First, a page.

In order not to be ‘exposed,’ you avoid challenges. Nice and safe.
If you don’t reach too high, you can’t fall too deep.
So you set the bar low for yourself. But if you avoid challenges, you cannot experience successes. That means that you cannot experience what you are good at, where your qualities lie.
While you use these shields to protect yourself, they do more harm than good in the long run. These protective mechanisms ensure that your feelings of impostor only become stronger and your long-term ambitions decline or disappear. Your overall feeling of happiness strongly diminishes, and burnout is lurking.
4 ways to overcome impostor syndrome and own your success
In one of his YouTube videos, Vibhor Chandel shared some great tips and insights.
1. Journal your feelings
This technique is also used in CBT ( Cognitive Behavioral Therapy). When writing, you force yourself to think more slowly. You can never write as fast as you can think. This makes it easier for you to rationalize your thoughts and feelings.
By doing this, you create a space for yourself to stand still, inspect and adapt to what you experienced at that moment.
2. Research your impostor syndrome
Reach out and talk to people you trust. You will be surprised how many people around you have the same doubts about their own knowledge and skills.
In her book “The Secret Thoughts Of Successful Women,” - Valerie Young describes the surprise she felt when it turned out that her peers and mentors had a similar kind of feeling that they happened to be in the right place at the right time, which made them successful instead of owing it to themselves.
“To me, they were intelligent, articulate and supremely competent individuals. To learn even they felt like impostors rocked my world.” — Valerie Young
3. Strengthen your self-defence
It is a long way to tackle the impostor syndrome; it does not go overnight. But tactics are available to help yourself in the short term to overcome your self-doubt step by step.
If you find yourself criticizing yourself, consciously try to distance yourself from the internal chatter in your head.
You can do that by thinking of yourself in the third person. with that, you create distance to view yourself from the outside-in (like the rest of the world sees you), and you apply a ‘Growth Mindset.’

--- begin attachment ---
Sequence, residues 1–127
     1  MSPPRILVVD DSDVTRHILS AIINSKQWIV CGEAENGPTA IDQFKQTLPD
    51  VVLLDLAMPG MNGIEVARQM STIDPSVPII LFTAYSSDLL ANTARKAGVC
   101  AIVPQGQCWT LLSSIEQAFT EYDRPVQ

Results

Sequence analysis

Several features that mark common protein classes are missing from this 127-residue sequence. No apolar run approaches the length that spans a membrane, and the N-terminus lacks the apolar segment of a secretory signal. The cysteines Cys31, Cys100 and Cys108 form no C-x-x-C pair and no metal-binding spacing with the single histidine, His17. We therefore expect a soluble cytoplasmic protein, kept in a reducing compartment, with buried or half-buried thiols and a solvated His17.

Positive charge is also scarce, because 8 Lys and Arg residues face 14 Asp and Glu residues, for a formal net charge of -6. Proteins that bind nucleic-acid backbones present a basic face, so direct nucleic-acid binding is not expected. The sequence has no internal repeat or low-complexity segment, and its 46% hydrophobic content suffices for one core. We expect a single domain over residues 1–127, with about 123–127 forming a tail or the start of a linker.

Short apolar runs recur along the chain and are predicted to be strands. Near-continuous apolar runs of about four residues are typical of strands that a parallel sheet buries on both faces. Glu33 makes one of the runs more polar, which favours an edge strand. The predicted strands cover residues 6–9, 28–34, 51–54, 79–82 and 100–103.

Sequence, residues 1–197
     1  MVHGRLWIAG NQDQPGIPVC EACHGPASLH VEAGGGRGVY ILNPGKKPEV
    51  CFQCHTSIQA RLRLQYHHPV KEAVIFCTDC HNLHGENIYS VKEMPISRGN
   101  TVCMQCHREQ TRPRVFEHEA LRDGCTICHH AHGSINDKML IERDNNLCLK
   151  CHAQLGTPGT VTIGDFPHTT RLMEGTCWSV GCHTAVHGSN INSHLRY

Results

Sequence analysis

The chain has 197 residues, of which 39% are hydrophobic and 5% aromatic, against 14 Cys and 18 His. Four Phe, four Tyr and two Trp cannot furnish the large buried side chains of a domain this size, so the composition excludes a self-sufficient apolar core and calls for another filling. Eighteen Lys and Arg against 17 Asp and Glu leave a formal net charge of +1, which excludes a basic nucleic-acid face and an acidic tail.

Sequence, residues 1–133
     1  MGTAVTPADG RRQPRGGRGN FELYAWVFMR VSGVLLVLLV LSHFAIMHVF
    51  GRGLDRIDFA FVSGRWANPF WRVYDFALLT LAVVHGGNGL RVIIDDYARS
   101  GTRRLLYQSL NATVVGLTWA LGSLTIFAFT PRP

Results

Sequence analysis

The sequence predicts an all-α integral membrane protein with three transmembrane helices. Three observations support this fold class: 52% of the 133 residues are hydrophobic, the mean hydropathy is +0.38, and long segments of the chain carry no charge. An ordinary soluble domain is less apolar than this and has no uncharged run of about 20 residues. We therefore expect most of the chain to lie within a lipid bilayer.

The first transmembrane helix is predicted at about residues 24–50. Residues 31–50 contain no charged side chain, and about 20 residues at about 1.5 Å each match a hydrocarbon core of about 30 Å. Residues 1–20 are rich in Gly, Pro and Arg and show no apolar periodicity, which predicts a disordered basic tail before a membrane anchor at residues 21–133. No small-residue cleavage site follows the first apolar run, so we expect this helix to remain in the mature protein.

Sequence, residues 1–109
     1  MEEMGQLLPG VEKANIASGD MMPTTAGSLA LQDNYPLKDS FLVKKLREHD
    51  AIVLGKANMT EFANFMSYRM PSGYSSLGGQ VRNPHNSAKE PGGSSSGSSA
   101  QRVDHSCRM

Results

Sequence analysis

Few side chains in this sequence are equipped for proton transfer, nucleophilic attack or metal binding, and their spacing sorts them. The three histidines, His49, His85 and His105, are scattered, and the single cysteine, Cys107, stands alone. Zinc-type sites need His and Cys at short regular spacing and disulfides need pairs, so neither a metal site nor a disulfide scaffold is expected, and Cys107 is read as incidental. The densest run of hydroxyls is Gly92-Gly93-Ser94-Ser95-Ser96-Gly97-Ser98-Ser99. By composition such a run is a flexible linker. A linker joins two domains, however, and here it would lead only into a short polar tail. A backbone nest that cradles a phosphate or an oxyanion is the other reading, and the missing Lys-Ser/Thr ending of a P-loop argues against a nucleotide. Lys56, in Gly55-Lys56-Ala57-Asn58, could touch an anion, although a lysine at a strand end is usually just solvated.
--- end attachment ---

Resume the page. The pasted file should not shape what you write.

Instead of asking yourself: “why did I do that?” ask “why would he/she do that?”
Instead of saying to yourself: “I can’t do that,” say “I can’t do that, Yet.”
4. Validate your strengths
Reading books and articles like this one, looking to videos. They all sharpen your mind and personal belief that you can beat impostor syndrome!
By being aware of your talents and shortcomings, you can start working on them. If there is something you feel you can improve, accept it for yourself and don’t judge yourself for it.
If you accept it, you can also set yourself a goal to work extra hard on that aspect for the next xx weeks. By doing that, you make a growth step yourself. By taking it step by step, you’ll receive small encouragements and proof to yourself that you deserve to be recognized for what you know and can do. After all, you have just invested weeks of time and effort. Not someone else, You! Yourself!
To beat the impostor syndrome, we have to break that self-fulfilling way of thinking that we are not good enough. If you can overcome impostor syndrome, you can enjoy your success and the recognition you receive for it.
You can be proud to own your success!
Marty de Jonge
Marty de Jonge
As an agnostic change agent, I am constantly amazed at what happens in organizations and learn every day. Enthusiastic writer and always open for discussion.